A struggling musician realizes he's the only person on Earth who can remember The Beatles after waking up in an alternate timeline where they never existed.
Release Date: June 28, 2019
MPAA Rating: PG-13
A struggling musician realizes he’s the only person on Earth who can remember The Beatles after waking up in an alternate timeline where they never existed.
Director: Danny Boyle
Screenwriters: Richard Curtis, Jack Barth
Producers: Bernard Bellew, Tim Bevan, Danny Boyle, Richard Curtis, Eric Fellner, Matthew James Wilkinson
Cast: Himesh Patel (Jack Malik), Lily James (Ellie Appleton), Joel Fry (Rocky), Ed Sheeran (Himself), Alexander Arnold (Gavin), Kate McKinnon (Debra Hammer), Sophia D Martino (Carol), Ellise Chappell (Lucy), Harry Michell (Nick)
Editor: Jon Harris
Cinematographer: Christopher Ross
Production Designer: Patrick Rolfe
Casting Directors: Courtney Bright, Nicole Daniels. Gail Stevens
Music Score: Daniel Pemberton
Going back and changing the past is one of the unwritten rules of the time travel movie. You just don’t do it. But what if the past changed itself? That is the moral dilemma that director Danny Boyle (Trainspotting, Slumdog Millionaire) explores in Yesterday.
Yesterday is about a struggling musician named Jack Malik (Himesh Patel from “EastEnders”) who is thinking about throwing in the towel on his music career when an unexplained 12 second global blackout causes him to get hit by a bus. When he recovers from his injuries, he discovers that he is the only person in the world who remembers the music of The Beatles. So Jack does what any other fledgling artist would do; he claims the greatest songs ever written as his own. And becomes an overnight superstar in the process. But success comes with a hefty price tag, especially when the gains are ill-gotten.
The premise behind Yesterday is brilliant. Screenwriters Richard Curtis (Love Actually, War Horse) and Jack Barth (“The Fabulous Picture Show”) blend an absurd concept with an ethical conflict, and the resulting storyline just begs the question: What would you do?
The movie starts out promisingly enough, with Jack first figuring out that he has the keys to the castle, then struggling to remember the chords and lyrics to the hits that he has heard thousands of times over. His rise to fame includes becoming a viral sensation with “his” songs, getting a leg up from pop star Ed Sheeran (who plays himself), and, finally, scoring a huge contract with the help of Ed’s agent, Debra Hammer (Kate McKinnon from Ghostbusters). But the whole time, Jack struggles with his secret, and the constant worry that he’ll be caught, that he may not be the only one who remembers the songs.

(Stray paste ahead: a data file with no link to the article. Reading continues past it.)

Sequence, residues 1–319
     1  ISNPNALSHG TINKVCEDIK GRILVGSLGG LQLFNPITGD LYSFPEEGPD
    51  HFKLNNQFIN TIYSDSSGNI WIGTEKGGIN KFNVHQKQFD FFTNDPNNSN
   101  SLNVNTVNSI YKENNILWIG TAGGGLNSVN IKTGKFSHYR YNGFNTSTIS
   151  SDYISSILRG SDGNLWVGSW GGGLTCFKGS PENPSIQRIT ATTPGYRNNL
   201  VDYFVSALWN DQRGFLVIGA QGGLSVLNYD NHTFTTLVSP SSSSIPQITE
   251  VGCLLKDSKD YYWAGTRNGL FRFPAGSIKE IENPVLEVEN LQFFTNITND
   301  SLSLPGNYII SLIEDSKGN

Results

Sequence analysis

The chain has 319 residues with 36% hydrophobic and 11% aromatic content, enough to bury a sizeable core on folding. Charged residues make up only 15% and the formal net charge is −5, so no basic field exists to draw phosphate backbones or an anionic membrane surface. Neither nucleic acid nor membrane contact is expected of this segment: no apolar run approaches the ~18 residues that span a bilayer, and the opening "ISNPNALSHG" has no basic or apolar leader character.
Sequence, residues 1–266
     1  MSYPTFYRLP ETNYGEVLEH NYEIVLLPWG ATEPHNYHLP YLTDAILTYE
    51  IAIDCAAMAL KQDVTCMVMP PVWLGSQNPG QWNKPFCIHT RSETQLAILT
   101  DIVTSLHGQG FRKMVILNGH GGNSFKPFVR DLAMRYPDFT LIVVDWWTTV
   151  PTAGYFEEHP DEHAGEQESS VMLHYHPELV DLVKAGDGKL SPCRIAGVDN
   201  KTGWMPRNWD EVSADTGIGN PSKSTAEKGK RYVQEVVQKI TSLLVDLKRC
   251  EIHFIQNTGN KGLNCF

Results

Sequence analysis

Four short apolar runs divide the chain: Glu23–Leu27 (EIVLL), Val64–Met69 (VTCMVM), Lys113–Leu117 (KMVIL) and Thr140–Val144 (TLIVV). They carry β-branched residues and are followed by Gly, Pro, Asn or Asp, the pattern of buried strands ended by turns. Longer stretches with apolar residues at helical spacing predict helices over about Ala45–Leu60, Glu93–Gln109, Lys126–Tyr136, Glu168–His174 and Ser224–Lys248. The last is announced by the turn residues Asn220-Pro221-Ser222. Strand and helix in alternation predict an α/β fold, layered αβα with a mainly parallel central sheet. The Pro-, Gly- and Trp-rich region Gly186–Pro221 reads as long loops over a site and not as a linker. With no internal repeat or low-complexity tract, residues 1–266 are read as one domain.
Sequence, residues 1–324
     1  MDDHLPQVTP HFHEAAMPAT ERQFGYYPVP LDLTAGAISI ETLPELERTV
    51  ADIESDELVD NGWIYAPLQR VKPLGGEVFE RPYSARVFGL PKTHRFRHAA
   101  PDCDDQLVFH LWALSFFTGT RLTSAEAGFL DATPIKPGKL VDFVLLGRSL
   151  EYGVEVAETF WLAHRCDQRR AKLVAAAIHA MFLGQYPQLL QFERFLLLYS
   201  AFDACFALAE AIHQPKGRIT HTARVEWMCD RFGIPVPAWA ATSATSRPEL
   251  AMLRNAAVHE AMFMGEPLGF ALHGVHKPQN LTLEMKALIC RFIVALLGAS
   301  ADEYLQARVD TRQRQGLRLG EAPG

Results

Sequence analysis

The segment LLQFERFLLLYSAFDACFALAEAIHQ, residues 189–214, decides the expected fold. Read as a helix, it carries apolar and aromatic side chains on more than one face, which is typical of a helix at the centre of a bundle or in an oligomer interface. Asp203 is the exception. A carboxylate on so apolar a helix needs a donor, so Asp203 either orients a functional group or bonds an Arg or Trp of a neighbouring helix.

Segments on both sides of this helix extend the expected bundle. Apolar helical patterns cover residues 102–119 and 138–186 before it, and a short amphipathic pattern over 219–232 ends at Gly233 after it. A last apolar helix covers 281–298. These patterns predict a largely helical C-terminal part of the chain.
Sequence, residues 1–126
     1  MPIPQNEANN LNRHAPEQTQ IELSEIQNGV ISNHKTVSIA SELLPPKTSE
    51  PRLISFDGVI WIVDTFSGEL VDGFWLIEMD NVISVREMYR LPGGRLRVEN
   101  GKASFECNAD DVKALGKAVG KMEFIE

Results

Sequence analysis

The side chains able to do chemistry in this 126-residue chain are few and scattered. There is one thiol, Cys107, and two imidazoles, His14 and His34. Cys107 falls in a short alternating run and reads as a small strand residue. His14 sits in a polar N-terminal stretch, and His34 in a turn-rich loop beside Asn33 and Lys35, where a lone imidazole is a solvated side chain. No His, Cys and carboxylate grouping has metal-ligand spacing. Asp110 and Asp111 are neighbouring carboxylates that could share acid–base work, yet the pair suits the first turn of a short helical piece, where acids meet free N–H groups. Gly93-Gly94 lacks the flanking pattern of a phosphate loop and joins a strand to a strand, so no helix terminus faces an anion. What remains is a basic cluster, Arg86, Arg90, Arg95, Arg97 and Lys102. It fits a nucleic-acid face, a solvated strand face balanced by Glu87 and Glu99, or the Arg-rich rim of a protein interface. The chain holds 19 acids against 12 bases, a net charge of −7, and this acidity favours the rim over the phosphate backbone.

That’s the awesome part of the Yesterday. Things get a little bogged down with the requisite forced love story that gets manufactured between Jack and his childhood friend/manager Ellie (Baby Driver’s Lily James). This romantic angle provides the only real conflict in the movie that exists outside of Jack’s conscience, and it leads to a predictably cutesy third act that wraps everything up just a bit too cleanly.
Well, maybe it’s not that predictable and clean. There are some fun surprises in store for Jack on his journey. But by the time it all winds down, Yesterday is very safe. Which is fine. It’s enjoyable enough, with great music and a terrific lead performance from Himesh Patel. The good in the movie definitely outweighs the mediocre. But the mediocre is pretty eye-rolling.
Of course, the music in Yesterday is incredible. How could it not be? It’s The Beatles. There’s not enough time in the movie for every single track to get a needle drop, so Danny Boyle and Richard Curtis carefully chose their battles, picking tunes from every era of The Beatles’ musical evolution, from “I Saw Her Standing There” and “She Loves You” to “Here Comes the Sun” and “The Long and Winding Road.” And every song not only represents a musical period for The Beatles, but also a stage of Jack’s career.
Himesh Patel performed the songs himself for the movie, and his catalogue of music has as distinct of an arc as his character. He first discovers that he’s the only one who remembers The Beatles when he performs “Yesterday” for his friends, and they ask him when he had the time to write it. His first show with Ed Sheeran is in Moscow, so he whips the crowd into a frenzy with “Back in the U.S.S.R.” When he starts to struggle with his success, he belts out an angry rendition of “Help!” (from a rooftop, of course). As a performer, Patel’s versions aren’t as polished as the original songs, but that’s the point. He’s essentially a cover artist taking credit for someone else’s work, and Patel makes that distinction in his wide-eyed performances of the music.
While Yesterday is a very funny movie, most of the humor is caused by the pieces of culture that are lost in the 12 second blackout. It’s not just the music of The Beatles that is forgotten, and other people’s reactions of “what?” when Jack mentions things that they have never heard of are hilarious, each and every time. Jack’s attempts at remembering lyrics to songs like “Penny Lane” and “Eleanor Rigby” are fun, too, as are the snippets of life that trigger his memories (Jack laughs triumphantly when his dentist uses the phrase “With a Little Help From My Friends”). It seems a little one-note at times, but the comedy in Yesterday hits its mark, time after time.